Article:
Cambodia, Viet Nam and UNHCR agree on further Montagnard cooperation

News Stories, 22 August 2006

© UNHCR/J.Pagonis
The vast majority of the 750 Montagnards who arrived in Cambodia before an agreement was signed in Hanoi in January 2005 to try to resolve their situation, have now been resettled &; mainly to the United States.

PHNOM PENH, Cambodia, August 22 (UNHCR) Cambodia, Viet Nam and UNHCR have agreed to further cooperate on finding solutions for Montagnard hill tribespeople from Viet Nam's Central Highlands who cross the border into Cambodia.

"It was very useful to sit down together and look at how we can practically continue the good cooperation we've developed over the last eighteen months on trying to resolve this issue," UNHCR's Bangkok-based regional representative, Hasim Utkan, said of Monday's meeting in Phnom Penh on the Montagnards.

The participants agreed that the UN refugee agency would continue monitoring returnees to the Central Highlands. They also decided to speed up both the voluntary repatriation process and joint missions by UNHCR and the Cambodian authorities to retrieve Montagnard asylum seekers in border areas.

The Phnom Penh gathering was the first, apart from a technical meeting, between the three parties since an agreement was signed in Hanoi in January 2005, which set out to find solutions for some 750 Montagnards in Cambodia.

Of that original group, 561 have been resettled to third countries mainly the United States 163 have returned to Viet Nam, and 26 remain in Cambodia, eight of whom will depart to the US in late August. The Hanoi accord continues to be used as the operational framework for arrivals in Cambodia.

A total 237 Montagnards, who arrived after the agreement was signed, are currently staying at sites in Phnom Penh.

In Viet Nam, UNHCR has carried out 12 monitoring missions to the Central Highlands and has visited 115 returnees. More than 20 returnees have been met more than twice. The continued monitoring will be extended to those not yet visited. The next monitoring mission is planned for September.

"We hope that by the time the next monitoring mission is over we would have visited more than 90 percent of the returnees," Utkan said. So far, UNHCR has no serious concerns about the conditions of the returnees.

Under the terms of the Hanoi agreement between UNHCR, Viet Nam and Cambodia, Montagnards who had arrived in Cambodia and were recognised as refugees could either be resettled to a third country or return to Viet Nam. Viet Nam guaranteed they would not be punished, discriminated against or prosecuted for illegal departure.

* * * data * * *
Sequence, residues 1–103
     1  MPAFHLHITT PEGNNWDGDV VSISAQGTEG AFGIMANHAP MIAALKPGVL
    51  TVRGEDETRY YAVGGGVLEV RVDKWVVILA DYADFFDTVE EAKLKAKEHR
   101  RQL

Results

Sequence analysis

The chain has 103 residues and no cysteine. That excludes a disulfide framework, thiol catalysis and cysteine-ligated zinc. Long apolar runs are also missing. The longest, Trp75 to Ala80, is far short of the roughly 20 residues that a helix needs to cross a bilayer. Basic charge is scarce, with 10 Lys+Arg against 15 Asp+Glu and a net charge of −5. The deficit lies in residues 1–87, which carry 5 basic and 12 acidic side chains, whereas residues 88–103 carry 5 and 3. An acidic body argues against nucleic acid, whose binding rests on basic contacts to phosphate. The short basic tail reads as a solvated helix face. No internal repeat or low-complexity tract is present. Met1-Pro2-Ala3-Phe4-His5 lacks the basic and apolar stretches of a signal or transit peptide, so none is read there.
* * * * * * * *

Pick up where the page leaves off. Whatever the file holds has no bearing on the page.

At Monday's meeting, Viet Nam repeated that Montagnards who wished to join their families in the United States could leave directly, adding that 435 passports had been issued to Montagnards to help accelerate their departure.

UNHCR has funded four projects in Gia Lai province in the Central Highlands in 2005 and 2006, including providing medical equipment for three communal dispensaries in La Grai district and building a primary school in Chu Se district. Two further proposals are in the pipeline awaiting approval. The UN refugee agency has also conducted training courses for officials of various levels to increase understanding about UNHCR's work in Viet Nam.

• DONATE NOW •

 

• GET INVOLVED • • STAY INFORMED •

UNHCR country pages

Statelessness in Viet Nam

Viet Nam's achievements in granting citizenship to thousands of stateless people over the last two years make the country a global leader in ending and preventing statelessness.

Left stateless after the 1975 collapse of the bloody Khmer Rouge regime in Cambodia, nearly 1,400 former Cambodian refugees received citizenship in Viet Nam in 2010, the culmination of five years of cooperation between the Office of the UN High Commissioner for Refugees and the Vietnamese government. Most of the former refugees have lived in Viet Nam since 1975, all speak Vietnamese and have integrated fully. Almost 1,000 more are on track to get their citizenship in the near future. With citizenship comes the all-important family registration book that governs all citizens' interactions with the government in Viet Nam, as well as a government identification card. These two documents allow the new citizens to purchase property, attend universities and get health insurance and pensions. The documents also allow them to do simple things they could not do before, such as own a motorbike.

Viet Nam also passed a law in 2009 to restore citizenship to Vietnamese women who became stateless in the land of their birth after they married foreign men, but divorced before getting foreign citizenship for them and their children.

UNHCR estimates that up to 12 million people around the world are currently stateless.

Statelessness in Viet Nam

Viet Nam: Without a CountryPlay video

Viet Nam: Without a Country

In the 1970s, thousands of people fled to Viet Nam to escape the Khmer Rouge regime in Cambodia. Some of those who stayed in places Like Ho Chi Minh City became stateless.